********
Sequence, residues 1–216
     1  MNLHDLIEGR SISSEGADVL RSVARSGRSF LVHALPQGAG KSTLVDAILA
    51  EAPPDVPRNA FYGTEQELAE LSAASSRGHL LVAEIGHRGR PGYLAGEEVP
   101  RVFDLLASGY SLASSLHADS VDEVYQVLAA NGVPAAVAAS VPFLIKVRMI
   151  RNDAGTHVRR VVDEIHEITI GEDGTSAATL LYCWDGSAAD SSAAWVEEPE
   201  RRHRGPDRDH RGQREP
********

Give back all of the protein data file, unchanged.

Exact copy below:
Sequence, residues 1–216
     1  MNLHDLIEGR SISSEGADVL RSVARSGRSF LVHALPQGAG KSTLVDAILA
    51  EAPPDVPRNA FYGTEQELAE LSAASSRGHL LVAEIGHRGR PGYLAGEEVP
   101  RVFDLLASGY SLASSLHADS VDEVYQVLAA NGVPAAVAAS VPFLIKVRMI
   151  RNDAGTHVRR VVDEIHEITI GEDGTSAATL LYCWDGSAAD SSAAWVEEPE
   201  RRHRGPDRDH RGQREP